Some do this by spreading or fanning the cards out and scanning the face down cards until one particular card heats up or causes some sort of sensation in the palms of the scanner's hand. Some merely take the card at the top of the deck. However you select your card is personal, and there is no wrong or right way to do so.
For the purpose of this example I am going to say we pulled The Chicken/Six of Pentacles card. In The Animal Totem Tarot we start with the animal itself. Chickens have fabulous medicine energies to share with us, one of which is about working for the greater good of all—not a bad message for the start of the week. This sets the tone of the next seven days, for you will now be on the lookout for ways that you can be of service so all involved in your world are benefiting, including yourself. For, as chicken lets us know, martyrs end up as dinner!
Now let's take a look at the tarot component of this card, the Six of Pentacles. In the companion book for The Animal Totem Tarot you will notice that the card meaning itself is broken up into three categories:
It will be up to you to decide which of these you wish to focus on for the next seven days; I strongly recommend only focusing on one aspect. Let's say you have decided you want to focus on health and well being. The Six of Pentacles is somewhat of a reward card. It lets you know that giving is in the air, and that things are aligning for your greater good. So are you ready for things to fall into place and do you have a support team in place to help you keep track of your personal health and wellbeing wins? Chickens and the Six of Pentacles both offer up solid support, but it is up to you to make sure you harness the energy that this card offers you.
To wrap up your one card reading, you can then move onto the journal prompts for this card. These prompts can be done over the course of the next seven days or as part of your Monday morning ritual. You can even use the journal prompts for the cards as mediation triggers.
If, however, you are more advanced in the world of animal totems and tarot, I know you will be itching to test this deck on a much larger scale. Here is a spread that you can use both for yourself and your clients if you are already a professional reader. This spread is called the WOOP Spread, and it was designed from the content of Gabriele Oettingen's book Rethinking Positive Thinking and inspired by Brian Johnson's Philosopher's Note on Gabriele's book.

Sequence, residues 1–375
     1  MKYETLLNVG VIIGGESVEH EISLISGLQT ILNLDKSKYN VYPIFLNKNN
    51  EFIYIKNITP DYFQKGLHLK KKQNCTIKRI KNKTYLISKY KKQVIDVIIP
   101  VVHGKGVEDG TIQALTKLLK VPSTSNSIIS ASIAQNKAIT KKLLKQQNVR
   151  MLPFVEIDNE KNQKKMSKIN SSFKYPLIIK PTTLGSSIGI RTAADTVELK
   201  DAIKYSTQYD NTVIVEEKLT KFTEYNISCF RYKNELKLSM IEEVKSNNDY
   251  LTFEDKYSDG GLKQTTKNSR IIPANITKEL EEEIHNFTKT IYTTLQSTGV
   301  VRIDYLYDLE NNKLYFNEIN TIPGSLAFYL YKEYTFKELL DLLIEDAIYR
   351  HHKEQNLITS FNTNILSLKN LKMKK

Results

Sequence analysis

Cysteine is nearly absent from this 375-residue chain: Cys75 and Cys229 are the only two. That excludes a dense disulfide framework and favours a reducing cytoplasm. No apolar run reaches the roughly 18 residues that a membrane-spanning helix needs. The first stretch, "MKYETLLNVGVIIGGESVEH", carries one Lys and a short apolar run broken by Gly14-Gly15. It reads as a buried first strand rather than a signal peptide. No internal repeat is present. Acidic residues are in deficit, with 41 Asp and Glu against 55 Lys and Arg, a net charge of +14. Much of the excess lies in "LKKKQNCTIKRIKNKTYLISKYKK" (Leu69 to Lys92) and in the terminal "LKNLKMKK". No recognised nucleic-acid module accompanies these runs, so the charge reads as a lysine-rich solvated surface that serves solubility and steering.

WOOP (Wish+Outcome+Obstacle+Plan) is a scientifically studied and proven system to increase motivation and achieve one's goals. In fact, it is considered the most effective way to achieve your goals, dreams, or wishes, regardless of their size. Pretty cool, huh?! I could not think of a better system to turn into a tarot spread. The extra power of the animal totems just puts this idea into overdrive.
So, let's get our WOOP on!
Now if you want to, you can use the Star Card in this spread as a central significator or intention spot in the reading. I have done this spread with and without the Star, and it doesn't seem to alter the spread at all; I just personally like to have the Star there. It is totally up to you whether or not you include its energy in the reading.
Card One: If you are using the Star, this card goes on top of the Star. This card represents the wish, dream, or goal you know is both challenging and feasible for you to achieve in your required time frame. It is vitally important to set a time frame for any and all goals, dreams, and wishes; this form of urgency drives action.
Card Two: The is the outcome card, which is actually the benefit card. This card illustrates the benefit of achieving the goal, dream, or wish in card one. This card is actually very important, as the benefit might not be what you expected.